My dad has a problem. It’s plagued him for years. He consumes this stuff more than just about anyone alive. He loves his cherry. Cherry what you ask? Cherry anything. He loves cherry ribs (wrapped in cherry bacon). His favorite smoke wood is cherry wood. He even puts maraschino cherry juice over his ice cream. So when we were brainstorming a recipe to do for Smithfield Pork, of course he had multiple options involving cherries. I had to reign him in a bit. Here is what the full title of the recipe should be: Cherry Smoked Pork Tenderloin Injected with Cherry Butter topped with a Maraschino Drizzle. We didn’t want to go overboard with the cherries, so we scaled it back a bit.

I partnered with Smithfield® Fresh Pork on this post because they want all of us to be grilling rock stars. So grab one of the many fine Smithfield pork products, from fresh ribs and pork tenderloin, to pork chops, to pre marinated pork which saves loads of time. Head out to Wal-Mart, like we did, and grab whatever it is that you are into and get after it. Always remember to grill and eat what you love. We live by that motto.

Pork Tenderloin Injected with Cherry Butter Ingredients:

Pro Tip 1 ~ You will also need a mortar and pestle and a ball of bakers twine

Pork tenderloin, butter and cherries
Pork tenderloin, butter and cherries. #DontMindIfIDo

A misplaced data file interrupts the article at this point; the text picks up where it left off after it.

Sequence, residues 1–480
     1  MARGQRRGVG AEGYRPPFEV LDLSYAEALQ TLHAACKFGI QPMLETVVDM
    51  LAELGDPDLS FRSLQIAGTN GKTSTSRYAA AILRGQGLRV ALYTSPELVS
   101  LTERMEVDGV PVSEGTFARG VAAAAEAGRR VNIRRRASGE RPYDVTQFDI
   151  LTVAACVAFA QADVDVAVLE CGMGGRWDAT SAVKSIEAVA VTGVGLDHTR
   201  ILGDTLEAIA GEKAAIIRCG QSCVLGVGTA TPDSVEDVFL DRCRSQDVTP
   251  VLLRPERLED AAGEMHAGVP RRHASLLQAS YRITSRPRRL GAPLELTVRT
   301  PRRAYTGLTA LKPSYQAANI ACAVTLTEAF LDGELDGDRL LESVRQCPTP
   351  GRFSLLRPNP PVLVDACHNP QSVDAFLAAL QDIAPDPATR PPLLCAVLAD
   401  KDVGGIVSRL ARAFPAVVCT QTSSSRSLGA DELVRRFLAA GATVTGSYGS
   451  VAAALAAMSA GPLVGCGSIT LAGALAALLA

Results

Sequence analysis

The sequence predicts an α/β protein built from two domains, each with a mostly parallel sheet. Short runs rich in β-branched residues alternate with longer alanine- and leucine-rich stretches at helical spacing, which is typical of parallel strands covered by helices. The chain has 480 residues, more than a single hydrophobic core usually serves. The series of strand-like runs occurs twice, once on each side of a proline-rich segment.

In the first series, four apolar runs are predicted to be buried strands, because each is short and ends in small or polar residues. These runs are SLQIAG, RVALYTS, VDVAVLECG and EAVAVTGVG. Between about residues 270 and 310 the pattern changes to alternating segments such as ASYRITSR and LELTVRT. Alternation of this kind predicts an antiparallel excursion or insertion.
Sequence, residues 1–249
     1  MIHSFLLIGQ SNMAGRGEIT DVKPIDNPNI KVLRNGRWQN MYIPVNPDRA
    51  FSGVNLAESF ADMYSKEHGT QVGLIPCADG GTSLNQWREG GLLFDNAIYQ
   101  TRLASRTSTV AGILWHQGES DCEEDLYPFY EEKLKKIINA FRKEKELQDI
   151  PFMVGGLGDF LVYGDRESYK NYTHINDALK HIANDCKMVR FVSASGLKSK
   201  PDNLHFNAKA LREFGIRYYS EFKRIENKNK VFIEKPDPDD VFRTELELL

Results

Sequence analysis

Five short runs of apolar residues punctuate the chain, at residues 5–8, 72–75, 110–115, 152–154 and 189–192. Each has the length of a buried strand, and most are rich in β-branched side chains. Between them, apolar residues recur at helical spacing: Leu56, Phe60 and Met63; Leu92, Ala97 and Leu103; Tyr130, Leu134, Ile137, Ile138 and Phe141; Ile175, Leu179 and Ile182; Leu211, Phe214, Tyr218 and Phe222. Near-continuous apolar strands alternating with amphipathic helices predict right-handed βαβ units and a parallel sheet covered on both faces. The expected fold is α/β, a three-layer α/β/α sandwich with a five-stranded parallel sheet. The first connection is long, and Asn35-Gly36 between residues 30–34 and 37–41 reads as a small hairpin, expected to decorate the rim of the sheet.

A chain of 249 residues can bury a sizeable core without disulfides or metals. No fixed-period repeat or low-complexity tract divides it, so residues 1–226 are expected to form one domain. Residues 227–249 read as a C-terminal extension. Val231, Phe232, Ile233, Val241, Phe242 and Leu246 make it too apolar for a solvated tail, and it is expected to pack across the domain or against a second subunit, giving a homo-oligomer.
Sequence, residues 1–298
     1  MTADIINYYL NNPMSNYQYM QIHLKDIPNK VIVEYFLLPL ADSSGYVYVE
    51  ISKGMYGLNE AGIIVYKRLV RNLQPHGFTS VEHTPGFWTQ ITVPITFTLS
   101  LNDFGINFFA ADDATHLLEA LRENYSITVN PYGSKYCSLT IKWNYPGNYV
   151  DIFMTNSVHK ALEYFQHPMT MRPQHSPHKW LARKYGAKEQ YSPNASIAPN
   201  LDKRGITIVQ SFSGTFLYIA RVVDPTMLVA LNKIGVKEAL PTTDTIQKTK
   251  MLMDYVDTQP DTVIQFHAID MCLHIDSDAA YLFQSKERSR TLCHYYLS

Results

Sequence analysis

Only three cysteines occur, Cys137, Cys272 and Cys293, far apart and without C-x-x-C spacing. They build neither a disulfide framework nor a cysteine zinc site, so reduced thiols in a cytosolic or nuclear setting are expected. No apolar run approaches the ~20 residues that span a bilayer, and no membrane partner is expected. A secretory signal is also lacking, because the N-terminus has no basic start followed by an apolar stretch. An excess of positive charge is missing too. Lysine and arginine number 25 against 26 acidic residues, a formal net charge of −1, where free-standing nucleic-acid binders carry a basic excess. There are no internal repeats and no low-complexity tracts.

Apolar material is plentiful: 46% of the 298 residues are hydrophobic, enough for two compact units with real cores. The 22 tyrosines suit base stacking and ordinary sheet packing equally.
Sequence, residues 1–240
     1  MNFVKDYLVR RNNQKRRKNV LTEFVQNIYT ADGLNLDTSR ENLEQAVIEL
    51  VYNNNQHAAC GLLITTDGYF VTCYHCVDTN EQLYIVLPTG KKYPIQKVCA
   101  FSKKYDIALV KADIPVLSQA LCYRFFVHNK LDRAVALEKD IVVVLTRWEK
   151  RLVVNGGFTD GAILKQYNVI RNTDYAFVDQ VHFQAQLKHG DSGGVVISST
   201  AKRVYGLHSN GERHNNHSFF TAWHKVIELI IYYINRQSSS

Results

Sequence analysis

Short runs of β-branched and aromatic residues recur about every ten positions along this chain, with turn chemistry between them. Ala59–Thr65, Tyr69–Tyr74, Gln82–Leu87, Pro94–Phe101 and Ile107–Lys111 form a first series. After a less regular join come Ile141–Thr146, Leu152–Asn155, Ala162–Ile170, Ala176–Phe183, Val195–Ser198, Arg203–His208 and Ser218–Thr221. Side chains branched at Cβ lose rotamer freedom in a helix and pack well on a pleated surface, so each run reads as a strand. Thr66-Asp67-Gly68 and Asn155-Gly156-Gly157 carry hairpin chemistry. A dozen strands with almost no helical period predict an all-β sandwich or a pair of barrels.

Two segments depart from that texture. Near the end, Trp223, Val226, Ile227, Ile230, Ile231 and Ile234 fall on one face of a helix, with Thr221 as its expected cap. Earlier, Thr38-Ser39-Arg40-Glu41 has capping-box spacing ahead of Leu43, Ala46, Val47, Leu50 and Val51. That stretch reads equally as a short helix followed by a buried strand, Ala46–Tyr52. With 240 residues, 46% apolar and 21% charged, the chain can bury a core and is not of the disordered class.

All Natural Pork Tenderloin
All Natural is good

How to prep pork tenderloin

Remove the pork tenderloins from the vacuum sealed packages. There will be a little trim needed, but not much. While the tenderloin has what looks like silver skin, by no means is it chewy, so don’t remove it.

But any fat chunks will need to be trimmed off:

Trimming fat from pork tenderloin
Most of the fat pulls away without any knife needed

This stuff is so tender that all I really had to do was get the edge free with the knife and then pull with my fingers and the fat came off in my hand. 

Once the fat is trimmed, hit the pork tenderloins on all sides with a coating of salt. Then line them up fat end to skinny and vice versa to tie them together:

Time to truss

Why tie pork tenderloins together?

Pork tenderloin is extremely lean. If we cook these individually, they will be done before we get much smoke flavor into them. By trussing them together, they insulate each other and can handle a lot more time in the smoke before they are ready for the sear. And by tying the skinny end to the fat and vice versa, we get a somewhat universal thickness that will allow both tenderloins to cook evenly. So let’s get at trussing these together.

For me, I cut a length of butchers twine and tie off one end:

One of two knots needed per pair of tenderloins
One of two knots needed per pair of tenderloins

Then create a series of loops down the length of the two tenderloins before tying off the other end. Form a loop around the meat and run the twine down a few inches to form another loop. Finally tied off at the bottom: